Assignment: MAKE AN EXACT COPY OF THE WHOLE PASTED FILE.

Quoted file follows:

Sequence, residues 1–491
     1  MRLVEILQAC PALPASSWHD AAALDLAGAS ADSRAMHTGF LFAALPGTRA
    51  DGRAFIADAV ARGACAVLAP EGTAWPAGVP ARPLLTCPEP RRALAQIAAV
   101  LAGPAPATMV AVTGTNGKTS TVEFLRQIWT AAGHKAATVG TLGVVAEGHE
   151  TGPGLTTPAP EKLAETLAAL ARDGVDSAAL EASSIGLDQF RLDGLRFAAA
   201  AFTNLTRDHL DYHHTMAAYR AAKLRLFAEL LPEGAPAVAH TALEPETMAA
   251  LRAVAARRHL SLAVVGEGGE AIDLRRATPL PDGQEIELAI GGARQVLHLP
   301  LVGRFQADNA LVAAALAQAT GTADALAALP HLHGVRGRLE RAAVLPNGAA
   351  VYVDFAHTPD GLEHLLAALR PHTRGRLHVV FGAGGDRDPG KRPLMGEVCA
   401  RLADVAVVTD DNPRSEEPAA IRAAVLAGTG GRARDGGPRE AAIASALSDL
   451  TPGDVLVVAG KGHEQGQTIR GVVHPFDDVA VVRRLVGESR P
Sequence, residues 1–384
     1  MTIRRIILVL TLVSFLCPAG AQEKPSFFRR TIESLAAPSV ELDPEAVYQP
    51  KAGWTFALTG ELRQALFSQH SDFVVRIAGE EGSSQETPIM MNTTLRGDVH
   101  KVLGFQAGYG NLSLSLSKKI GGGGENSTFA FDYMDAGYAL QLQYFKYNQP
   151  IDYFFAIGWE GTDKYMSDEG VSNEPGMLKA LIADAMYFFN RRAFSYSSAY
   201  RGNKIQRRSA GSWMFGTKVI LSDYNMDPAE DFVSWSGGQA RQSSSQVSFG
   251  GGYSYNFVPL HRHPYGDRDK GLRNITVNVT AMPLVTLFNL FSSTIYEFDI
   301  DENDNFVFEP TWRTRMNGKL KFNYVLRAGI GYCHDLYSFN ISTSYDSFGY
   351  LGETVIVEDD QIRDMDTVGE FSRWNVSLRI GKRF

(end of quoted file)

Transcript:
Sequence, residues 1–491
     1  MRLVEILQAC PALPASSWHD AAALDLAGAS ADSRAMHTGF LFAALPGTRA
    51  DGRAFIADAV ARGACAVLAP EGTAWPAGVP ARPLLTCPEP RRALAQIAAV
   101  LAGPAPATMV AVTGTNGKTS TVEFLRQIWT AAGHKAATVG TLGVVAEGHE
   151  TGPGLTTPAP EKLAETLAAL ARDGVDSAAL EASSIGLDQF RLDGLRFAAA
   201  AFTNLTRDHL DYHHTMAAYR AAKLRLFAEL LPEGAPAVAH TALEPETMAA
   251  LRAVAARRHL SLAVVGEGGE AIDLRRATPL PDGQEIELAI GGARQVLHLP
   301  LVGRFQADNA LVAAALAQAT GTADALAALP HLHGVRGRLE RAAVLPNGAA
   351  VYVDFAHTPD GLEHLLAALR PHTRGRLHVV FGAGGDRDPG KRPLMGEVCA
   401  RLADVAVVTD DNPRSEEPAA IRAAVLAGTG GRARDGGPRE AAIASALSDL
   451  TPGDVLVVAG KGHEQGQTIR GVVHPFDDVA VVRRLVGESR P
Sequence, residues 1–384
     1  MTIRRIILVL TLVSFLCPAG AQEKPSFFRR TIESLAAPSV ELDPEAVYQP
    51  KAGWTFALTG ELRQALFSQH SDFVVRIAGE EGSSQETPIM MNTTLRGDVH
   101  KVLGFQAGYG NLSLSLSKKI GGGGENSTFA FDYMDAGYAL QLQYFKYNQP
   151  IDYFFAIGWE GTDKYMSDEG VSNEPGMLKA LIADAMYFFN RRAFSYSSAY
   201  RGNKIQRRSA GSWMFGTKVI LSDYNMDPAE DFVSWSGGQA RQSSSQVSFG
   251  GGYSYNFVPL HRHPYGDRDK GLRNITVNVT AMPLVTLFNL FSSTIYEFDI
   301  DENDNFVFEP TWRTRMNGKL KFNYVLRAGI GYCHDLYSFN ISTSYDSFGY
   351  LGETVIVEDD QIRDMDTVGE FSRWNVSLRI GKRF